In the Bloomington, Indiana, area, moles and voles are commonly found in lawns. They are both potential pests for homeowners too because of their aggressive digging and tunneling. It’s important to know what you’re dealing with though in order to know how to respond. So let’s take a look at a few similarities and differences between the two little creatures. 

Similarities

Moles and voles are a similar size, with voles being about five inches long and moles six inches. They are also both mammals, although contrary to popular belief, moles are not rodents like voles are, but in a group called insectivores along with shrews. 

They are also both fond of digging, and their tunnels can be an annoyance to those who want a pristine lawn but find little mounds dotting their yards. 

Differences

The similarities really end right there though. Voles, also called meadow mice or field mice, are related to gerbils, and are true rodents. Voles breed in extremely high numbers, with up to 10 litters of multiple young a year. A small group of voles can quickly take over an area if their colony’s reproduction isn’t interrupted.

Moles on the other hand are odd-looking, velvety skinned and mostly blind, with flipper-like legs they use for digging deep tunnels. Moles also don’t breed in as high of numbers because they are generally loners with fewer opportunities to mate.

Tunnelling

It’s unlikely that you’ll get to see both moles and voles in a police lineup though, so you’ll more likely have to identify them based on their tunnels. 

Between the two, voles cause much more damage. Voles have very shallow tunnels that they use to get to the roots of plants, which are a major food source for them. This version of tunneling is destructive both because it leads to plants losing their roots and dying, but also because tunnels just below the surface are much more visible and ugly.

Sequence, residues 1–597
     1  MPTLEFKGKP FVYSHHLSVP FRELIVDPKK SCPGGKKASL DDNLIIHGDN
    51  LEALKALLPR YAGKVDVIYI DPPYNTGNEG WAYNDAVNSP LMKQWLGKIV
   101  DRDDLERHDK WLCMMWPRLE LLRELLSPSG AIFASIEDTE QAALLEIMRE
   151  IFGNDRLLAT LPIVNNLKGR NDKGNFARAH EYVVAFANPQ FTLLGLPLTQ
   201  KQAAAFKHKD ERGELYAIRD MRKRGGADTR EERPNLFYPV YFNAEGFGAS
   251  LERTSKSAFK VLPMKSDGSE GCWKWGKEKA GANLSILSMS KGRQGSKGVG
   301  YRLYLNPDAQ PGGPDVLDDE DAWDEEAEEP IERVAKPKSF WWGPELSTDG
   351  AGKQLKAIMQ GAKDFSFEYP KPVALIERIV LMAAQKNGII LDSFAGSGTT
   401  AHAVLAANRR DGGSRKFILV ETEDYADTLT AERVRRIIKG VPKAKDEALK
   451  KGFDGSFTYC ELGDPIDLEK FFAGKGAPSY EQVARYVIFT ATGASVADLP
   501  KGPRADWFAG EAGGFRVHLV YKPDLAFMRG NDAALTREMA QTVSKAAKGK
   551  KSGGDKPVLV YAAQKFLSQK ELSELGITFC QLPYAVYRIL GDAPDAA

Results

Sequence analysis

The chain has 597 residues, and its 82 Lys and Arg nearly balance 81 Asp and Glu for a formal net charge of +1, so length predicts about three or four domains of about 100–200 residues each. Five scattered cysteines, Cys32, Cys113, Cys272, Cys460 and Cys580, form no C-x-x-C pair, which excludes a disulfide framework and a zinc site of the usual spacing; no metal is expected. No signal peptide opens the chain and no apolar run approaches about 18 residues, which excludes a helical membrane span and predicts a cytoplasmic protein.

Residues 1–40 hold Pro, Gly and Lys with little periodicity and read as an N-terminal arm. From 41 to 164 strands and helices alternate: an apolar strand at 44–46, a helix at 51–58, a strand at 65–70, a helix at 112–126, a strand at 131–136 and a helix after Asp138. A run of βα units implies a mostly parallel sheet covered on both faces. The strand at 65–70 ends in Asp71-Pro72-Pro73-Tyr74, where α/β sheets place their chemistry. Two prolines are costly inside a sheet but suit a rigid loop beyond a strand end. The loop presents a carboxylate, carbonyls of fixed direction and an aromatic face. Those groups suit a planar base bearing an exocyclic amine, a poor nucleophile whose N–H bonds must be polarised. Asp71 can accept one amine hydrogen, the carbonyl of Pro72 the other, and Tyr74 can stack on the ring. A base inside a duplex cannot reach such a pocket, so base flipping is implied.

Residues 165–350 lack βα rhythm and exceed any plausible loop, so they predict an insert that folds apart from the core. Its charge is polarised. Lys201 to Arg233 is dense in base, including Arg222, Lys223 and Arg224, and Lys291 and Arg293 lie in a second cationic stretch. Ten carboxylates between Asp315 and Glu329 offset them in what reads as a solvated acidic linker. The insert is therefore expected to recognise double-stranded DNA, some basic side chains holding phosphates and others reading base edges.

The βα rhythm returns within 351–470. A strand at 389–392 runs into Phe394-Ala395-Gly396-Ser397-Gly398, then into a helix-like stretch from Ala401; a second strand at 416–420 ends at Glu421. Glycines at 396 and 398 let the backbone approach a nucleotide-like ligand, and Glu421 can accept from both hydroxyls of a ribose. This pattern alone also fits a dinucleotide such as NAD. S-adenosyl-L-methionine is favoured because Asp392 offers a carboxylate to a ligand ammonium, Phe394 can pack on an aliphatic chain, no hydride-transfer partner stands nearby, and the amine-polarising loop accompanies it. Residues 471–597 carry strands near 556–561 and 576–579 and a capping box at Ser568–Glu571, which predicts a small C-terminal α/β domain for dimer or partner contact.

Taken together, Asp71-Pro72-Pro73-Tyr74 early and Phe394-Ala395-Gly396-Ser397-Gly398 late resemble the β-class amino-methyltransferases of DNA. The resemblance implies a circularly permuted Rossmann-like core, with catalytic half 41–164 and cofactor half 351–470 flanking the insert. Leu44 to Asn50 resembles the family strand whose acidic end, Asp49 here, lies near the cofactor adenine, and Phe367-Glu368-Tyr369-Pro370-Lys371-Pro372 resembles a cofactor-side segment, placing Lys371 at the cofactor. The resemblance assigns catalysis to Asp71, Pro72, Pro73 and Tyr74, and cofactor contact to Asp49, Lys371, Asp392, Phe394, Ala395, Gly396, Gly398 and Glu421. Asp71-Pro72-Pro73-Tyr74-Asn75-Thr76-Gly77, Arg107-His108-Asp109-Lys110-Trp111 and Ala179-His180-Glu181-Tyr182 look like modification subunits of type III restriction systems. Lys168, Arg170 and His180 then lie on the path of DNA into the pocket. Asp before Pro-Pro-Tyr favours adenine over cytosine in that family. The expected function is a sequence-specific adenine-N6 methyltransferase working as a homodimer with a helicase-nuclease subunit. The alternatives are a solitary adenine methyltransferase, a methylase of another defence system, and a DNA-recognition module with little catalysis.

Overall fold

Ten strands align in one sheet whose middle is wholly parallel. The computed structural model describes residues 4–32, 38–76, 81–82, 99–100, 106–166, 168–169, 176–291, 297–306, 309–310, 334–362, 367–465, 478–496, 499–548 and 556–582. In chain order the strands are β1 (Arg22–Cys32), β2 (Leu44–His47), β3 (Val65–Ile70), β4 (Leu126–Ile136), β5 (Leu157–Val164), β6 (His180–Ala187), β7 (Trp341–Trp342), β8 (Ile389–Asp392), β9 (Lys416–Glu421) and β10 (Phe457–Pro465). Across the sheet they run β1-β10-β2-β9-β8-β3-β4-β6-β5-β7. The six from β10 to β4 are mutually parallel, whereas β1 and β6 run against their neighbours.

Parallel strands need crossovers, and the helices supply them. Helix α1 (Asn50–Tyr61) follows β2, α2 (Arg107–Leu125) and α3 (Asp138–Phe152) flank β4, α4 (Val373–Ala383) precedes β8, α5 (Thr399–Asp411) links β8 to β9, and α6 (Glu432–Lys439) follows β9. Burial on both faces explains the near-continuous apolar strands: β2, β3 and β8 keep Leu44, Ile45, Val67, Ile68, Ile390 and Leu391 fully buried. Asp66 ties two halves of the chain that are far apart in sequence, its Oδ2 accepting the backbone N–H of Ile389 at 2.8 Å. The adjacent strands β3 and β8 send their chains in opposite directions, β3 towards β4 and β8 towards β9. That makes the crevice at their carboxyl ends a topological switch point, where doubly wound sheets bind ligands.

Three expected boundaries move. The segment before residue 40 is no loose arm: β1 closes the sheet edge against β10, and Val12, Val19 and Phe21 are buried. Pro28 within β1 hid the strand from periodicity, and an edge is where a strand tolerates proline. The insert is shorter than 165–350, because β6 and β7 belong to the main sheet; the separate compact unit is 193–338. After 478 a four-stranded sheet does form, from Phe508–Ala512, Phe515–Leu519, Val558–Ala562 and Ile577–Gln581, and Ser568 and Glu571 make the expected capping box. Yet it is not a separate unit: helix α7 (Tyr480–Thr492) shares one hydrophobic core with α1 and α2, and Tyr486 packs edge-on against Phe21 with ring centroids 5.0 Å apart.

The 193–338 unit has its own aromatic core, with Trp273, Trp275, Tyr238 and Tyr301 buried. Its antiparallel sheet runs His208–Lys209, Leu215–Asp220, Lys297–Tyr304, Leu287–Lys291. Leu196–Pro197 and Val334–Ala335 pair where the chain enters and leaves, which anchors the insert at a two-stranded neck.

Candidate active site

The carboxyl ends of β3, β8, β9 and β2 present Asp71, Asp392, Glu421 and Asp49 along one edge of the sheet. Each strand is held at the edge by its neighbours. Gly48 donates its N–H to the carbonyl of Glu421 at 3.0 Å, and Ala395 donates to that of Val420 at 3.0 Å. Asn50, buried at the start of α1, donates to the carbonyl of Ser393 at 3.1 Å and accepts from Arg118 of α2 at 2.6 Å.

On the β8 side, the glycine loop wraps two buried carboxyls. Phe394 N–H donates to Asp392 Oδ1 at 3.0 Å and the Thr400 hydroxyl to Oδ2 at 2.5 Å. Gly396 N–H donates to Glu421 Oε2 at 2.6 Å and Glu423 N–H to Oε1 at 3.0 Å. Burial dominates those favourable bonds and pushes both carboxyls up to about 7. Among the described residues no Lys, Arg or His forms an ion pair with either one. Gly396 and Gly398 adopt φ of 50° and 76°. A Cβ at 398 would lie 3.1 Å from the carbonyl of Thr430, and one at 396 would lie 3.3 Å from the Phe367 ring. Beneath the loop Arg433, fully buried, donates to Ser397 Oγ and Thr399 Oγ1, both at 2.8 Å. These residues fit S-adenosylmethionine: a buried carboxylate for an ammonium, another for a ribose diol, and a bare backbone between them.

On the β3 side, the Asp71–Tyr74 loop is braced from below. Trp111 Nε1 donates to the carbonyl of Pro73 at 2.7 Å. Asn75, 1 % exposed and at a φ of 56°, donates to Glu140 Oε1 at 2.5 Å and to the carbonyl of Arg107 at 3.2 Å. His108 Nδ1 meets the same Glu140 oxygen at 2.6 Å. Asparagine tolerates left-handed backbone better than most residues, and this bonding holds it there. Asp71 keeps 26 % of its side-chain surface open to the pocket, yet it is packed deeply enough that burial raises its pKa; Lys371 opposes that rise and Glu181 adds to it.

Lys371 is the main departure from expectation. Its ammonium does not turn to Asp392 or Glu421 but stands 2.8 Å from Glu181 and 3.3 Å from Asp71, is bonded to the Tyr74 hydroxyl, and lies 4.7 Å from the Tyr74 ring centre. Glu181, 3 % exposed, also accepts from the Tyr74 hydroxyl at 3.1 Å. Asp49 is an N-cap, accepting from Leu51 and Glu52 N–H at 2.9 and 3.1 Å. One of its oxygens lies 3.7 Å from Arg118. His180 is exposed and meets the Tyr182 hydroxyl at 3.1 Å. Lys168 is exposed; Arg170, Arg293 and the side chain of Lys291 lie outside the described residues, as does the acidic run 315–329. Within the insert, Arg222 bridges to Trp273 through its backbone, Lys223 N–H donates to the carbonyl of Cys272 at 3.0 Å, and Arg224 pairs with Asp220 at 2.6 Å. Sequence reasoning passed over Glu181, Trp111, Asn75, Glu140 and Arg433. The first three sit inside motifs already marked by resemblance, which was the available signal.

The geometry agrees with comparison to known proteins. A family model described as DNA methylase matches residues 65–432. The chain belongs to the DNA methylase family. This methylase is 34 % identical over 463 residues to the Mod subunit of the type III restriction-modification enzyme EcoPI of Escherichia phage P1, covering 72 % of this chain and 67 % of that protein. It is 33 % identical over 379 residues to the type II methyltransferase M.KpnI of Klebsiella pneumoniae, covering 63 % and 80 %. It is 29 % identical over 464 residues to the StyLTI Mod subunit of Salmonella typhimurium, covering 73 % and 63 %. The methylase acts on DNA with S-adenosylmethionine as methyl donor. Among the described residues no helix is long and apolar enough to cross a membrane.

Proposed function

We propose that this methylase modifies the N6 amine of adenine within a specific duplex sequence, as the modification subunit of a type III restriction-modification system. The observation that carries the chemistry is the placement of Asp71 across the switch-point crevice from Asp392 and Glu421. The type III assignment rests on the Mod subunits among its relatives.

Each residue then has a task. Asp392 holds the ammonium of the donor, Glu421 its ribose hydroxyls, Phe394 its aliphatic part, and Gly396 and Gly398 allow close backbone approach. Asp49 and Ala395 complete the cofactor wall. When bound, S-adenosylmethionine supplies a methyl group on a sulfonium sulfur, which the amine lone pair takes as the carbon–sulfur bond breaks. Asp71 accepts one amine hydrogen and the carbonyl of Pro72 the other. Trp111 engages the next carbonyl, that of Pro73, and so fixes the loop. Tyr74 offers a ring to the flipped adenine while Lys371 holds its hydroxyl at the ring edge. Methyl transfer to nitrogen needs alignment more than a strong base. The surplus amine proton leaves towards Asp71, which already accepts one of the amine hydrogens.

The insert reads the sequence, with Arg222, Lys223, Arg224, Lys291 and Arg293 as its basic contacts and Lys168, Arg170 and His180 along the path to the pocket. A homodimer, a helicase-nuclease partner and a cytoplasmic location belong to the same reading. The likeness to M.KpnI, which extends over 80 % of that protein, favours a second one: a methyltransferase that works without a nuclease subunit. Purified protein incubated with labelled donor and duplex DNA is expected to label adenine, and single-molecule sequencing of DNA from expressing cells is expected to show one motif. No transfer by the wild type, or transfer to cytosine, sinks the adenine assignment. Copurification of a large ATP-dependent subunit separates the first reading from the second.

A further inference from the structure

Moles often push up soil when they are creating their tunnels and need a place to put the excess dirt, but it’s less common for these hill to become a lonterm problem. The tunnels are far deeper underground, and they also do not eat the roots of plants. Moles, as insectivores, eat insects. Their tunnels are a trap for insects, who will fall into them. Moles have hearing good enough to detect a worm falling through their tunnel from a distance, and will quickly track them down and eat them. 

What to do when you have moles or voles?

In Indiana, we have two types of moles — the eastern mole and the star-nosed mole. The star-nosed mole is not as common and is mostly in the northern part of the state, and is also less destructive. The eastern mole, while somewhat of a nuisance, may not be worth worrying about. Their tunnels are deep, they eat insects that may be harmful to your lawn and they don’t overwhelm their hosts with many offspring. 

Voles, on the other hand, are a clear pest, and the longer they’re allowed to stay, the worse their presence might be for your lawn. As a Bloomington, Indiana, area lawn service, we’ve seen a lot of these little rodents over the years, as well as the damage they do. If you have questions on how to handle voles (or moles if you’d rather not have them around), we’re happy to give some suggestions. Call (812) 929-9463 for more information.